The outbreak of diphtheria in KwaZulu-Natal, which has claimed the lives of four people, appears to be under control, according to the National Institute for Communicable Diseases (NICD).
No new cases have been confirmed in more than a month, raising hopes that the life-threatening respiratory disease caused by a poison from bacteria may soon be wiped out.
“The outbreak of diphtheria in KZN is under control. No new cases have been confirmed since June 11,” Kerrigan McCarthy, head of the outbreak response unit at the NICD, told Health24.
~bChildren are most at risk~
She said 15 cases of diphtheria have been identified by public health services in KZN, the majority of which are children under the age of 15.
“Eleven are confirmed positive, three are probable and one is a possible case,” she said. Among those who have died, one was an adult aged 41.
Dr Yacoob Coovadia, a lecturer in clinical microbiology at the University of KwaZulu-Natal, told Health24 that diphtheria is a contagious disease and infects only humans.
“Diphtheria is disease caused by corynebacterium diphtheria, which is a gram-positive organism that infects only humans,” he said.
~bHow the disease spreads~
“It is transmitted by respiratory route, including coughing or sneezing, and [by] close contact with patients’ oral secretions. It is a contagious disease which, if not treated appropriately, is potentially fatal.”
The classic sign of someone infected is a white or greyish thick coating covering the back of the throat and tonsils.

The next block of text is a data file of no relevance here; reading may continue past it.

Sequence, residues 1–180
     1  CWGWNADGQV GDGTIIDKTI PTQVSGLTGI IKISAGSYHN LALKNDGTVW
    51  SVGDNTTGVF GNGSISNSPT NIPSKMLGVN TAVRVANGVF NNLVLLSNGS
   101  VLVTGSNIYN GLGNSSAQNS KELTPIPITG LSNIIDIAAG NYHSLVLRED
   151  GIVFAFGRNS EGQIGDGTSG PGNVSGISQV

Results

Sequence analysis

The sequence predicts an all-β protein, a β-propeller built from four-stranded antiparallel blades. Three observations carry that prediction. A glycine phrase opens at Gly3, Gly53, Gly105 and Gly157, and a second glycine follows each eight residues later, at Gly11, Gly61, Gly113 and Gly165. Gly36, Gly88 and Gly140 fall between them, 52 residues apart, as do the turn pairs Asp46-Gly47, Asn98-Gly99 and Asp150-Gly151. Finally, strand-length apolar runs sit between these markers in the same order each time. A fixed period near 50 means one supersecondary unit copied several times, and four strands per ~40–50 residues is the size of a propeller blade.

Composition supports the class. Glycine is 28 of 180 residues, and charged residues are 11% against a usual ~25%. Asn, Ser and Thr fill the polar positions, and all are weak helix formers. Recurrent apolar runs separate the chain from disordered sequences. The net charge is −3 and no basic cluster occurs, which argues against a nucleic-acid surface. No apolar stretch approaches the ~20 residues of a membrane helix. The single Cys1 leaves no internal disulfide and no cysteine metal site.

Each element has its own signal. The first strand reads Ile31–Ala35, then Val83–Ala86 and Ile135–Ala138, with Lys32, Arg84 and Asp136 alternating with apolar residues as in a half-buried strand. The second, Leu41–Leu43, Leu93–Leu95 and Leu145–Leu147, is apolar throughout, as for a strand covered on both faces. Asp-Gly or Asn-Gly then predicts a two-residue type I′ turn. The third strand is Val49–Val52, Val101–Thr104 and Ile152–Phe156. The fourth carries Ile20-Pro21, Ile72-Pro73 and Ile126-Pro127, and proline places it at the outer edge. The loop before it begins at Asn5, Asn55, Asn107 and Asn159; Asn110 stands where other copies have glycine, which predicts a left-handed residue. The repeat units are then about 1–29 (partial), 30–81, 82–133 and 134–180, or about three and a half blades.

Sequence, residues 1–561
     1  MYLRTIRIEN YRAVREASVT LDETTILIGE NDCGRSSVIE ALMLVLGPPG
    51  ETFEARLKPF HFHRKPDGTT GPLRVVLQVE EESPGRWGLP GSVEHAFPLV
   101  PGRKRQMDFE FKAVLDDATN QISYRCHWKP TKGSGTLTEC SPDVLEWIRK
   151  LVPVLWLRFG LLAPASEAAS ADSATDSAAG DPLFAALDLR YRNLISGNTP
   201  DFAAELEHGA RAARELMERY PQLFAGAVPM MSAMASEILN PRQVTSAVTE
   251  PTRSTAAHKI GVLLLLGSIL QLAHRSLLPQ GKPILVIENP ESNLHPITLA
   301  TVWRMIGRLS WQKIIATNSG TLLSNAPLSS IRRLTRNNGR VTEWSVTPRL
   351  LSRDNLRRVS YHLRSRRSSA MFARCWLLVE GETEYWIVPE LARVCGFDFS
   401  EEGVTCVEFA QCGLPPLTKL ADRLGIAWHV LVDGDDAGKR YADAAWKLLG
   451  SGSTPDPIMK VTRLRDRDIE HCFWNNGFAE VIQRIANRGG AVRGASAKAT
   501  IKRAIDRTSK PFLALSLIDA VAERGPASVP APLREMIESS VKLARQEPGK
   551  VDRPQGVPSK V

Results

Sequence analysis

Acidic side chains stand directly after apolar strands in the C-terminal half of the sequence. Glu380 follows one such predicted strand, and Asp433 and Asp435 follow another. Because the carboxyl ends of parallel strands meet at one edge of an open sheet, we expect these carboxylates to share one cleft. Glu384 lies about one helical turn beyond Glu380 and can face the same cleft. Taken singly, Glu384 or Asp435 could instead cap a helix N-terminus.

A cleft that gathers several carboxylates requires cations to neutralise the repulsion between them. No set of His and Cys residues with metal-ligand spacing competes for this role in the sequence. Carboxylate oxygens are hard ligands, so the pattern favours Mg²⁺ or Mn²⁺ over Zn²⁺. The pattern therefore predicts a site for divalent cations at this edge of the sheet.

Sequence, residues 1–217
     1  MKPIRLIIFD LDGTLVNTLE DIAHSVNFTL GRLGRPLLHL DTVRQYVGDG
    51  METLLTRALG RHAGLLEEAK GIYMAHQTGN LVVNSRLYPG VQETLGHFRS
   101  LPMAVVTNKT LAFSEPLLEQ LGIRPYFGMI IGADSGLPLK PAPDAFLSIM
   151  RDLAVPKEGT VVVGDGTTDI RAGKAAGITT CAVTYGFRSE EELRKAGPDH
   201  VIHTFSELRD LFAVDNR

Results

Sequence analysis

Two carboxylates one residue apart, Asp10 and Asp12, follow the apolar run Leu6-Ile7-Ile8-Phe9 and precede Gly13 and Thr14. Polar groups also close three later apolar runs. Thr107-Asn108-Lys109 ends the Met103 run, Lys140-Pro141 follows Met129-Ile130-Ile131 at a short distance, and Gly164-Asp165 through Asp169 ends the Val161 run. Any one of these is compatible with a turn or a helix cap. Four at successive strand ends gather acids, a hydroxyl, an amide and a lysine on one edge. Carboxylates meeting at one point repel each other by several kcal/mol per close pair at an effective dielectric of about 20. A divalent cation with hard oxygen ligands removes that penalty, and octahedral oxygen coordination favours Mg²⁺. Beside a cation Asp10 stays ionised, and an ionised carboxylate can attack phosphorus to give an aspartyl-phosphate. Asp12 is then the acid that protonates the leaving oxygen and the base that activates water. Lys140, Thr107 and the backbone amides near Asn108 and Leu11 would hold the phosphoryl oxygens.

Symptoms include having a sore throat with a fever, drooling and neck swelling with difficulty in breathing.
Diphtheria bacteria release a toxin into the bloodstream that targets the heart, nerves and kidneys.
“Diphtheria is a vaccine-preventable disease and mothers should be strongly encouraged to vaccinate children appropriately,” he said.
~bDepartment acts fast~
McCarthy said the department of health has been proactive in containing the disease.
“Public health measures to prevent the spread of the organism include identification of all persons who have been in contact with a person diagnosed with diphtheria, provision of antibiotics to kill the organisms in the pharynx and immunisation with a booster vaccine against diphtheria toxin.”
She said the KZN health department has been on a vaccination drive at schools in the affected districts of eThekwini and Ugu. Ethekwini cases were reported from Umlazi, Chatsworth, Kwadabeka, Woodlands and Inanda, and Ugu cases were reported from Margate.
“We hope that these measures are why there are no new cases, but time will confirm if this is so,” said McCarthy.
The diphtheria booster vaccine – with a tetanus booster vaccine – is given at six and 12 years, but she warned that the vaccine coverage rate for this age group is low.
~bA need for the booster vaccine~
“This has made this age group highly susceptible to infection with diphtheria. We strongly advise all parents, care givers and schools to do what they can to ensure this age group receives the diphtheria booster vaccine.”
As with many other countries, SA does not keep supplies of the antitoxin used to treat diphtheria because the disease is so rare and the antitoxin can expire.
SA turned to India, Indonesia and Japan for the antitoxin, which must be administered to patients within 24 to 48 hours.
In response Japan donated 416 vials of the antitoxin, worth about R2 million.
“To date only five persons with suspected diphtheria received antitoxin,” said McCarthy.
Each patient requires a number of vials of antitoxin, calculated on his or her weight.
“There is still sufficient antitoxin in stock,” she said.